6. 3 THE US NAVY AND THE EMERGENCE OF COMMAND TECHNOLOGY
    (pp. 66-103)

    In 1915, when the relationship between the US Navy and its primary torpedo supplier, the E. W. Bliss Company, had become fractious, Secretary of the Navy Josephus Daniels looked back in anger on their twenty-five-year history. He wrote:

    The relations between the United States Government and the Bliss Company have been peculiar, in that the latter have been the sole private manufacturers of torpedoes for the Government in the United States ever since we have been using these weapons. They have sold us many millions of dollars worth, and it is has been upon our suggestions and our expressed needs...

  7. 4 THE ROYAL NAVY AND THE QUEST FOR REACH
    (pp. 104-132)

    On October 20, 1904, Admiral Sir John “Jacky” Fisher became First Sea Lord. Two years later, the famous battleship HMSDreadnoughtentered service, a symbol of the naval arms race and Anglo-German antagonism that culminated in World War I. These events serve as familiar signposts in many narratives of the prewar period, creating a neat, linear account of the origins of World War I. The reality was far more complex and interesting. Fisher did not want theDreadnought, and he was not obsessed with the German threat. Too much was changing, technologically and diplomatically, to permit the Royal Navy to...

  8. 5 COMMAND TECHNOLOGY ON TRIAL IN THE UNITED STATES
    (pp. 133-182)

    In the five years before the outbreak of World War I in Europe, the Bureau of Ordnance suffered the consequences of its earlier errors in dealing with command technology—and it repeated them. First, the bureau’s dispute with the Bliss Company over superheater royalties, which had been simmering since 1907, boiled over, culminating in a lawsuit. Next, the Bliss Company tried to export torpedoes containing the balanced turbine, leading the government to file a lawsuit that went all the way to the Supreme Court. As both parties grappled with the consequences of their earlier actions, the pace of technological development...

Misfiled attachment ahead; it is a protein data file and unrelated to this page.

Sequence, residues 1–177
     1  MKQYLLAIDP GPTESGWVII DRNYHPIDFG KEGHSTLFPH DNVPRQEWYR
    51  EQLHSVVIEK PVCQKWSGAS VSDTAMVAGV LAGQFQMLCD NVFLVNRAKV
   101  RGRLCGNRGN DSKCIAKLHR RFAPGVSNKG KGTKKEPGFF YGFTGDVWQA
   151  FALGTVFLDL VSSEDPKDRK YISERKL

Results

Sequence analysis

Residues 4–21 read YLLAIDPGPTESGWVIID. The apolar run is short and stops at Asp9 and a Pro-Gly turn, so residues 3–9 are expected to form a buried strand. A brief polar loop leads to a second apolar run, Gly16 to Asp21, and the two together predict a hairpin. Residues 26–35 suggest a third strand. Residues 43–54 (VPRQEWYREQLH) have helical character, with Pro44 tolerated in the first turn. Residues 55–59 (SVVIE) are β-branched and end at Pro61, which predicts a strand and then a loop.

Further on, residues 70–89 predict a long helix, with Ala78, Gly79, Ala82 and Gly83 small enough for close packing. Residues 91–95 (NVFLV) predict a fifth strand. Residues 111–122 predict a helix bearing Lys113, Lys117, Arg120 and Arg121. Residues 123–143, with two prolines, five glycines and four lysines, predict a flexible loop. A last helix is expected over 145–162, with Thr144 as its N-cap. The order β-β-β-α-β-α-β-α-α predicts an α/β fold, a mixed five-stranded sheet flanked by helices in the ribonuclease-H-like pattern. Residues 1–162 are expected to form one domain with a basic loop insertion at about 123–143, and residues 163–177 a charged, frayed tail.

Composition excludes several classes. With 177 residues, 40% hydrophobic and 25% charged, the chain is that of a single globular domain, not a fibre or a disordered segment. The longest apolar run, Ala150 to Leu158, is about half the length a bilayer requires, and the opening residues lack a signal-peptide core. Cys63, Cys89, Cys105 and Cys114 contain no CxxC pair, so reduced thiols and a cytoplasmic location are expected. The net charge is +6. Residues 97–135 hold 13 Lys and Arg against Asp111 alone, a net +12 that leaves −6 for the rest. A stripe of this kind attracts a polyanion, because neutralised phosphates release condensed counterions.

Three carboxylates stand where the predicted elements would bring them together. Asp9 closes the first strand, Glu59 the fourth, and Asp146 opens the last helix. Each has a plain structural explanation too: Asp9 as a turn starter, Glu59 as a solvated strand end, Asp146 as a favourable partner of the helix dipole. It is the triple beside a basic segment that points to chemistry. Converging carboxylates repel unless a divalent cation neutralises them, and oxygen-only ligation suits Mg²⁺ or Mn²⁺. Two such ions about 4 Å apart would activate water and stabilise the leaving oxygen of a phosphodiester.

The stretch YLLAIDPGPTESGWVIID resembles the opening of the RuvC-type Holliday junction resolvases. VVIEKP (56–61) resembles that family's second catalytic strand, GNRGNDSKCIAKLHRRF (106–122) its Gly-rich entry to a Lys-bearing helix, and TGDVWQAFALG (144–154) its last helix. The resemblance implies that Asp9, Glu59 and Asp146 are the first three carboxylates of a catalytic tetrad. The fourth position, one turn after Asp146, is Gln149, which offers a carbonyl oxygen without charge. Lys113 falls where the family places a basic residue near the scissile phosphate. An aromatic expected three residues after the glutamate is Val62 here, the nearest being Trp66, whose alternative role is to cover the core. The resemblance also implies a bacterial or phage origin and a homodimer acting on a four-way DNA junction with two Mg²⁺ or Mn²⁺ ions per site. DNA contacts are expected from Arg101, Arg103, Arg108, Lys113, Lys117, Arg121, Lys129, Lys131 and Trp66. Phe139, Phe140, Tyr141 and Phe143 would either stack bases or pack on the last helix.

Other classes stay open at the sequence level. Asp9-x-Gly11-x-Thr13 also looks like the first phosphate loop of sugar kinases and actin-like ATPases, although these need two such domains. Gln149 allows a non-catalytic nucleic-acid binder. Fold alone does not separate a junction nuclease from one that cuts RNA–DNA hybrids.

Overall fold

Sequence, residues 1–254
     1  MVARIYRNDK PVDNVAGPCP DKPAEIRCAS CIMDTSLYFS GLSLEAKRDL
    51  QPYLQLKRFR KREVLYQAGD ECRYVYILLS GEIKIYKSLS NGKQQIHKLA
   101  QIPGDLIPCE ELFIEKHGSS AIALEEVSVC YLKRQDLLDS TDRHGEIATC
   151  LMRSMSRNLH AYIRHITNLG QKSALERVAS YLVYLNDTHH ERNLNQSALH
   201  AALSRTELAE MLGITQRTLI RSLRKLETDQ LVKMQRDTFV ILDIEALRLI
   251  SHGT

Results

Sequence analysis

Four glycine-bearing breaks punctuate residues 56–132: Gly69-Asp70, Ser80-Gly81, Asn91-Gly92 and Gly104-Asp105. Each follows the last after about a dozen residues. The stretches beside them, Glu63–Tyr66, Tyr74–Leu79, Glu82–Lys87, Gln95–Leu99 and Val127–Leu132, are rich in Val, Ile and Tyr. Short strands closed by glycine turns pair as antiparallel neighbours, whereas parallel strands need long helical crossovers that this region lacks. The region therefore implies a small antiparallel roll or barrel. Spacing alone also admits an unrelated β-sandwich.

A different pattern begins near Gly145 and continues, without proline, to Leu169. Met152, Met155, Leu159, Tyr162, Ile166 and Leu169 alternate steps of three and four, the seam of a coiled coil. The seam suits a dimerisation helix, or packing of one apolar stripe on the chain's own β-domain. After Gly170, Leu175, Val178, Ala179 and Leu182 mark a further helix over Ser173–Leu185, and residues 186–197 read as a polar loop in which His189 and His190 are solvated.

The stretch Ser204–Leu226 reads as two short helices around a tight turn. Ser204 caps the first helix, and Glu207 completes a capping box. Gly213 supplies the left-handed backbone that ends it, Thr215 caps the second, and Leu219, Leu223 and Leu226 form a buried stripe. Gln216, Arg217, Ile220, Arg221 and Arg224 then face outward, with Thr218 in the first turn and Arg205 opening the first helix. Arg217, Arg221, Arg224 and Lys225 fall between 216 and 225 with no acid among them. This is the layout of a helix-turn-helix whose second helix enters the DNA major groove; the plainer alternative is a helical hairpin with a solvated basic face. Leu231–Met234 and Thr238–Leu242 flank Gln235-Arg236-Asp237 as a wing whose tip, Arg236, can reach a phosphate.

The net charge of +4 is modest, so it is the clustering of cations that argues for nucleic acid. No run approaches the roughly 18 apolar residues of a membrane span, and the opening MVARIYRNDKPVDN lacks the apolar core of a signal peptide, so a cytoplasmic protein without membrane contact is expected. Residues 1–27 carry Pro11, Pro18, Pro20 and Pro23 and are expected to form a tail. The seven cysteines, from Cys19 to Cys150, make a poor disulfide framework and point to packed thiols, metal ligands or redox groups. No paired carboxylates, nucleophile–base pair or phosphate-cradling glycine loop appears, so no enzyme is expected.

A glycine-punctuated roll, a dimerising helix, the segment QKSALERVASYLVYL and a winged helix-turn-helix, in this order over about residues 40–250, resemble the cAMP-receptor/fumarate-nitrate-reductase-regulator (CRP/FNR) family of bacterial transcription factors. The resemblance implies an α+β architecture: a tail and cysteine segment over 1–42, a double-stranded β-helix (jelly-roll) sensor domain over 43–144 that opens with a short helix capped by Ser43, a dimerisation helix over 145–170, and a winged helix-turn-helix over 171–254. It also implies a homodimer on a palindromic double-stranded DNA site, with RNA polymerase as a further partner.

9. 6 A VERY BAD GAP IN BRITAIN
    (pp. 183-212)

    In July 1914, the Admiralty planned to convene a conference at Spithead. A wide array of strategic and tactical issues, such as “Position of Battle Fleets in war time with reference to employment in the North Sea” and “General consideration of the duties of Battle Cruisers,” was considered for discussion.¹ The July crisis and ensuing outbreak of World War I meant that the conference did not happen, but what is striking in reading over the agenda is the range and importance of topics that were up for debate because they remained unsettled. World War I caught the Royal Navy in...

  10. CONCLUSION
    (pp. 213-230)

    Sir John Fisher famously wrote, “Strategy should govern the types of ships to be designed. Ship design, as dictated by strategy, should govern tactics. Tactics should govern details of armaments.”¹ Less famously, the chief of the Bureau of Ordnance, N. C. Twining, wrote: “To make progress, change is inevitable; change diversifies type; the ultimate type develops the tactics for that type, and tactics must conform to material, not material to tactics, when material improves.”² In fact, as both men undoubtedly realized, too much was changing too quickly for industrial navies before World War I to achieve the neat, linear relationship...

  11. ABBREVIATIONS
    (pp. 231-234)
  12. ARCHIVAL SOURCES
    (pp. 235-238)
  13. NOTES
    (pp. 239-296)
  14. ACKNOWLEDGMENTS
    (pp. 297-300)
  15. INDEX
    (pp. 301-305)